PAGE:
Strategy

Focusing on the
Essentials.

We aim to be the world’s most successful, fascinating and sustainable automobile manufacturer. This is the target we set ourselves for 2018, and we have already achieved some of our aims. In a world that is undergoing ever more radical changes, however, targets can never be more than milestones: reach them and they are already out of date. With the advent of digitization, the industry and the Group are on the cusp of a new era – one we aim to play a major role in shaping.

Our Approach

For the Volkswagen Group, sustainability means that we conduct our business activities on a responsible and long-term basis and do not seek short-term success at the expense of others. Our intention is that everyone should profit from our growth – our customers and investors, society and, of course, our employees. In this way, good jobs and careful treatment of resources and the environment form the basis for generating lasting values. This applies on all continents and in all regions and throughout the entire value chain. In future, revisiting and implementing this approach in the light of digitization – and responsibly handling the digitization process itself – will be a key factor shaping the strategic issues of our sustainability management.

To ensure consistent and focused pursuit of our objectives, we aim to concentrate on essentials (see "Materiality Analysis"). The challenges are immense. They range from climate change, resource availability and demographic developments, through far-reaching changes in society’s values, to digitization, rapid urbanization and increasing social imbalances.

As one of the world’s largest industrial corporations, our Group with its twelve strong brands bears a special social responsibility and we intend to put our creative powers to good use for the benefit of people and the environment. Every year the Volkswagen Group produces more than 10 million vehicles. This gives rise to positive effects such as new jobs, regional prosperity and individual opportunities for participation, but also to emissions and resource consumption. Our most important tasks, as we see it, are therefore to ensure responsible and efficient production, and to make mobility not only as safe, convenient and environmentally compatible as possible, but at the same time affordable for large numbers of people. After all, individual mobility remains a basic human need, and fulfilling this need is the central corporate objective of our Group.

Through pioneering technologies and social competence we are making our contribution to a sustainable form of development that will give future generations the same opportunities as the present generation has. In view of digitization, we will in future be faced with new issues in the field of sustainability and responsibility – for example, what we do with our customers’ data, how we ensure that they are secure and protected at all times, and what legal and ethical problems are raised by automated driving. This also means that to some extent we need to reconsider and redefine the key aspects of our activities.

Twelve brands, each with its own unique character, sharing a common goal: mobility  – for everyone, everywhere.

Our Sustainability Strategy

We know that growth can only take place hand in hand with responsibility and environmental protection – more than that, in fact: in recent years these factors have become genuine value drivers. That is why everything we do in the interests of sustainability also serves to achieve our corporate objectives – in an accompanying, promoting and supporting capacity. The key aspects of our sustainability objectives and activities, which are subject to Group-wide control, are structured under the three headings used in this report – Economy, People and Environment. This reflects not only our Group-wide interpretation of sustainability that can be applied in all regions around the world, but also our conviction that stable, long-term business activity based on ethical criteria is a precondition for acting in an environment-friendly way and playing a responsible part in shaping the future of people within the Group and in society at large.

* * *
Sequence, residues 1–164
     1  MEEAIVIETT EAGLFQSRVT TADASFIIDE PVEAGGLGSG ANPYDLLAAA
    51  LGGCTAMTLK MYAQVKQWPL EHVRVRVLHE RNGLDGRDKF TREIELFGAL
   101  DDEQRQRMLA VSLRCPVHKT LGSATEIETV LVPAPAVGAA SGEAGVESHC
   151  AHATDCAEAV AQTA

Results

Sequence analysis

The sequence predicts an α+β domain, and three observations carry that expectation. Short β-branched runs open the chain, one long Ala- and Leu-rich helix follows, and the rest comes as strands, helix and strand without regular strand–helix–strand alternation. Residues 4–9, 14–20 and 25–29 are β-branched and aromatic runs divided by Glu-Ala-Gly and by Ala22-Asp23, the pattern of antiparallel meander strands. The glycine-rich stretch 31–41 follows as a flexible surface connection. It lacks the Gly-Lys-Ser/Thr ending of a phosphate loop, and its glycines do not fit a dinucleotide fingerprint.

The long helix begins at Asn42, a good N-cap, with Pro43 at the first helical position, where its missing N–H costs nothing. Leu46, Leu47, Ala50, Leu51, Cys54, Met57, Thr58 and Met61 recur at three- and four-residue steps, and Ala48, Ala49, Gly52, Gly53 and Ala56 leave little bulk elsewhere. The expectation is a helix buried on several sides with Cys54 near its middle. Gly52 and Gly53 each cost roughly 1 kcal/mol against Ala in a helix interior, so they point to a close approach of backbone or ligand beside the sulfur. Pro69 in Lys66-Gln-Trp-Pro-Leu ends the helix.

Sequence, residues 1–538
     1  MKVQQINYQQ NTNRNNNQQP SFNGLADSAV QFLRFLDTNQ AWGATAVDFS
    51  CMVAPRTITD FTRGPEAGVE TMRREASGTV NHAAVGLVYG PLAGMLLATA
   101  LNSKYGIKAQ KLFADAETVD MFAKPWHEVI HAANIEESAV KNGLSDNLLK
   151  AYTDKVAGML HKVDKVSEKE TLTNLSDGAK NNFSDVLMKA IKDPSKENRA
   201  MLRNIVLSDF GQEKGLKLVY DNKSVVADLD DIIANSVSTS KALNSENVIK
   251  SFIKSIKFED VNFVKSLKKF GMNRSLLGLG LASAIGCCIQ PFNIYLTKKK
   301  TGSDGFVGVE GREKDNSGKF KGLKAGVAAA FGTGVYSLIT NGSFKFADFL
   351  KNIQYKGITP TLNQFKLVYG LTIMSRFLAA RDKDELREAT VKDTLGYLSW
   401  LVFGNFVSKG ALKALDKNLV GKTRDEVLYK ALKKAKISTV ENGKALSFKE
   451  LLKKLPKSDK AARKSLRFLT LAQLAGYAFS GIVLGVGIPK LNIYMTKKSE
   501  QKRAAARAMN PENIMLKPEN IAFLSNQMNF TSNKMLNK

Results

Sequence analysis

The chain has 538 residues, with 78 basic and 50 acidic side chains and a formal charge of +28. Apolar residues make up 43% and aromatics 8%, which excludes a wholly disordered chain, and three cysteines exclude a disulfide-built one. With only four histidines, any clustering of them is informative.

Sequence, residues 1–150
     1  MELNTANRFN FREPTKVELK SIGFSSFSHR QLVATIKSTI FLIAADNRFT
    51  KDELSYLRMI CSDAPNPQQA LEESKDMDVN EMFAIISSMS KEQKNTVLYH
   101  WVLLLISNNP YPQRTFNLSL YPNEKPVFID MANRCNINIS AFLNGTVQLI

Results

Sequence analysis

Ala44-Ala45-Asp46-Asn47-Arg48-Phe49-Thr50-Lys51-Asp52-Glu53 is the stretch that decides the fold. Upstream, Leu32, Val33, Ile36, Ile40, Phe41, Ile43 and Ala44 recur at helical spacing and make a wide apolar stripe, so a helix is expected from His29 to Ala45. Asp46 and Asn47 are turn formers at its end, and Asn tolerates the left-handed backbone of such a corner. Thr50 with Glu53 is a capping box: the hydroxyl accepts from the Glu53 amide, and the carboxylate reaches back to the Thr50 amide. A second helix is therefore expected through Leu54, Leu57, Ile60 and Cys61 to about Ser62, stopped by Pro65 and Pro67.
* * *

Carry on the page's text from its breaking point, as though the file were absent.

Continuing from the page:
With almost 600,000 employees and 118 production locations on four continents, we are especially concerned to do this consistently worldwide. Our approach: to transfer tried-and-tested ideas – from brand to brand, from region to region. There are already numerous examples of how this works – from the modular transverse matrix, via the dual vocational education and training system and in-service training opportunities that we bring to the various regions, to mobility services, concepts for road safety and social responsibility, and biodiversity projects. In this way we turn our size and growth to good advantage and exercise our responsibility for our employees, the environment and society.

Managing Challengens and Trends
GRI
G4-18

Even if the major challenges are known and can be assessed, the resulting demands on the Volkswagen Group are nevertheless subject to increasingly rapid change and have to be reassessed at regular intervals and readjusted in our strategic planning. Within the Volkswagen Group we therefore have several specialized functions engaged in observing megatrends in society, analyzing the overall economic backdrop, tracking emerging customer trends and continuous benchmarking against the competition. The results are brought together in a process known as the planning round. This ensures that the important decisions for production, purchasing and sales structures are taken with a ten-year timeline. Another instrument for identifying challenges and expectations and for dealing with changing background conditions is the stakeholder dialogue, which we cultivate at both Group and market level (see "Stakeholder management“).

Growth with responsibility for employees, environment and society

In summer 2014, based on these observations and derived from the major challenges, we identified for the Volkswagen Group 16 areas in which we can and must make a special contribution – because these are fields where we have a significant impact or where we are particularly well placed to exert influence, and where consequently a great deal is also expected of us.